Hi to everyone. I want to ask something, if my rest mass is 81 kg and if i move with the speed of light, can i still use the formula for energymomentum relation to calculate my energy?
''r'' is gamma
E= (г.m.v).c+m.c2
E= (г.m.c2)+m.c2 ???

Hi to everyone. I want to ask something, if my rest mass is 81 kg and if i move with the speed of light, can i still use the formula for energymomentum relation to calculate my energy?
''r'' is gamma
E= (г.m.v).c+m.c2
E= (г.m.c2)+m.c2 ???
Last edited by Sanev; 05102018 at 05:33 PM.
So your question is: "If I violate the laws of physics, will the laws of physics still apply?"
I'm beginner so i'm still learning. Sorry for that.
My question is if i'm moving at the speed of light what is my energy?
And also why me moving hypothetically with the speed of light is violation?
Hint:
What is the correct expression for energy? Your original equation was not relativistically correct (I see you have edited it without comment; that is not good). Why not? What is this parameter "r" you have now added?
As you proceed in selfstudy, it is critically important to understand explicitly in which domains given formulas are valid.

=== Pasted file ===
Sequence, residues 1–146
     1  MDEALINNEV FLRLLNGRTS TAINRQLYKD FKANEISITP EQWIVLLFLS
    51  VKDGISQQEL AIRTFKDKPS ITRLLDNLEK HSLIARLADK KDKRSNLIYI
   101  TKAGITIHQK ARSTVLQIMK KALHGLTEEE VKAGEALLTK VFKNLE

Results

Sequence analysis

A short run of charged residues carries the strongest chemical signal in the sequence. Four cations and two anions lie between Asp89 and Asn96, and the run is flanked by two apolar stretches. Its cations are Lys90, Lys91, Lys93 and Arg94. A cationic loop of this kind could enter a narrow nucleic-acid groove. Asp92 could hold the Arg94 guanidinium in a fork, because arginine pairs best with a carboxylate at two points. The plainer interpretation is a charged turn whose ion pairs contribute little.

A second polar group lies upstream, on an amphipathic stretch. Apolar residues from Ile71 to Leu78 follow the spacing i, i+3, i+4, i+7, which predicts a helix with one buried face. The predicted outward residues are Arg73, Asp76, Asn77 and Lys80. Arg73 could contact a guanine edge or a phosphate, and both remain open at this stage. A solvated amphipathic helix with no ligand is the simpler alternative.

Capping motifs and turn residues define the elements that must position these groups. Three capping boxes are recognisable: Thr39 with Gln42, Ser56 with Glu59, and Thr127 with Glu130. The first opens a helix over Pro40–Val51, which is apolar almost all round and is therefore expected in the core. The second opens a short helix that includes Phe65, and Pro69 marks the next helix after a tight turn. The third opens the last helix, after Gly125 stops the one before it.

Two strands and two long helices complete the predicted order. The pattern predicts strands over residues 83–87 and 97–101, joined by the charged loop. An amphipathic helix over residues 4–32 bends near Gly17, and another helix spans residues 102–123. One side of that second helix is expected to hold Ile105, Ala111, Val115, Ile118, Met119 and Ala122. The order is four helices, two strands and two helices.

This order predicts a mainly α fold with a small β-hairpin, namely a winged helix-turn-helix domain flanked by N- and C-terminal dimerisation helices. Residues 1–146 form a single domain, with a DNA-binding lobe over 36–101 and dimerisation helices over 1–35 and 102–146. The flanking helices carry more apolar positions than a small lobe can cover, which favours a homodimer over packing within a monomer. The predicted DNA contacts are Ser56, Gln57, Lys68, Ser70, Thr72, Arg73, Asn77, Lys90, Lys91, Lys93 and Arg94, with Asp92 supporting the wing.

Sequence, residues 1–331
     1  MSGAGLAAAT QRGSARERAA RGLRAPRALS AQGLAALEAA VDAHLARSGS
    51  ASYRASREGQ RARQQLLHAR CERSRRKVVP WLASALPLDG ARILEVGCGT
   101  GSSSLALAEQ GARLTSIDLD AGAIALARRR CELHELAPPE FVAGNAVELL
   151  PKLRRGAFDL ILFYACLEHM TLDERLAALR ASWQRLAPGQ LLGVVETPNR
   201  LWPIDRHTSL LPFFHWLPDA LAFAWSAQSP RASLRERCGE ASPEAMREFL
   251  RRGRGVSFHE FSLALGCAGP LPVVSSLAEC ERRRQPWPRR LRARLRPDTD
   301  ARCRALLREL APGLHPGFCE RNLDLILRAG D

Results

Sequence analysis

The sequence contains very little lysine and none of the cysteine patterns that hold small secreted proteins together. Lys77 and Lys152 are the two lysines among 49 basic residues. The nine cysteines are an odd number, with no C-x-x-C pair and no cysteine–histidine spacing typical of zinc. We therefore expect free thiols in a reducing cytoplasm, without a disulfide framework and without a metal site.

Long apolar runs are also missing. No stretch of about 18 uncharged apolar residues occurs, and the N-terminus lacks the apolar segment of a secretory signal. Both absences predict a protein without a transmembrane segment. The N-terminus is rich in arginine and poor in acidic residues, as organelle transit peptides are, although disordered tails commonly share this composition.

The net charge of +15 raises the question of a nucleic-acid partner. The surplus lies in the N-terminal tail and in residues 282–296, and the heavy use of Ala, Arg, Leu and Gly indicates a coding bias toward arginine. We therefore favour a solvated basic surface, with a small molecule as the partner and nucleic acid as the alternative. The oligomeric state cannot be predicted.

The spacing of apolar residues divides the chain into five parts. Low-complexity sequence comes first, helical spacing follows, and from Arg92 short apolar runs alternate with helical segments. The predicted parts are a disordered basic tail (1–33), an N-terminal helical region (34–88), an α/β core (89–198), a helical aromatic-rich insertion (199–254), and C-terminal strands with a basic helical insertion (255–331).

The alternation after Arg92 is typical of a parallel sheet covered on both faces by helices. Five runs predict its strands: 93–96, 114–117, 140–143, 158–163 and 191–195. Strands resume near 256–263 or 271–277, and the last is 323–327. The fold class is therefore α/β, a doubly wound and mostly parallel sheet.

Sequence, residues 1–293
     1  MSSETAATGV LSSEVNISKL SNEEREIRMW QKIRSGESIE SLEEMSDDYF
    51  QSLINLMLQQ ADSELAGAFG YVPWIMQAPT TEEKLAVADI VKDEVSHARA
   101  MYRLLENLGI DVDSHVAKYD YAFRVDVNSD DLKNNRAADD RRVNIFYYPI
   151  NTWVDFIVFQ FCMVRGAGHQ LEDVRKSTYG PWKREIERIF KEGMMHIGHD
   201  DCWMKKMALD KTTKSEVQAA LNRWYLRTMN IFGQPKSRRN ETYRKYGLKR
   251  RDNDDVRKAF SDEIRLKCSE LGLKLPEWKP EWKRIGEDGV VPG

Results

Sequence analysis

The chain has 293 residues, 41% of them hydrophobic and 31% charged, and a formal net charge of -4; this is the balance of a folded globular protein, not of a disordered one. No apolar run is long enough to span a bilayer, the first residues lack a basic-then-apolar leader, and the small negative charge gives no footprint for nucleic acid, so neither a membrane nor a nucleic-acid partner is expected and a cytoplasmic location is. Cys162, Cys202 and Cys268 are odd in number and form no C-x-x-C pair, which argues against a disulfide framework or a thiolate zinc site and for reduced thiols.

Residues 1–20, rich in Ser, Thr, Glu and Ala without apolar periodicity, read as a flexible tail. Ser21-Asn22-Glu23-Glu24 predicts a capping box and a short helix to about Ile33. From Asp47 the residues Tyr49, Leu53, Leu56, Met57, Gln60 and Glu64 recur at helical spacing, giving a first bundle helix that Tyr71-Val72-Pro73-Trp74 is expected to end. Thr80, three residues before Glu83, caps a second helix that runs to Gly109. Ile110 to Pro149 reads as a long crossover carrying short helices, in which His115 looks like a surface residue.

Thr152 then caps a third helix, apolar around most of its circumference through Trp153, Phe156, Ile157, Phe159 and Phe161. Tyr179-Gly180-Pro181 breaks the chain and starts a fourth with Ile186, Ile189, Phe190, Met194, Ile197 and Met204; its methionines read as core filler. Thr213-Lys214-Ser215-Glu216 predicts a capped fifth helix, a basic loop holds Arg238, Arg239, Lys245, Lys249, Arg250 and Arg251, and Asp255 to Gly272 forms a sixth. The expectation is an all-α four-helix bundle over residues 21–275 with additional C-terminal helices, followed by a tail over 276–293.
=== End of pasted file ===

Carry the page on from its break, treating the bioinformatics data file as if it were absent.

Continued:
''r'' is gamma because the momentum is relativistic far as i know.
If r = gamma, and gamma= 1/sqrt(1v^2/c^2), then what happens to gamma if v=c? It reduces to 1/0. But 1/0 is undefined.
Anything with a nonzero rest mass can never achieve a velocity of c.
The sum of the kinetic energy and rest mass equivalent energy for such an object for a given velocity v is E= mc^2/sqrt(1v^2/c^2) or rmc^2, using r for gamma.
The KE part is equal to mc^2(r1) and the rest mass equivalent energy is mc^2.
As v approaches c, E approaches infinity. v can be as close to c as you want, but it can never equal c, because this brings in the division by zero problem again.
So you added gamma after your initial post, but you didn't consider what that means. As Janus pointed out, when you actually use gamma, you are led to the mathematical absurdity I hinted at in my first posts.
Summary: An object with mass cannot travel at c.
Hopefully you now see why your question in its original, unedited form, where you used the Newtonian mv as the momentum, and then merely substituted c for v to arrive at E = 2mc^2 or some such thing, violates the laws of physics.
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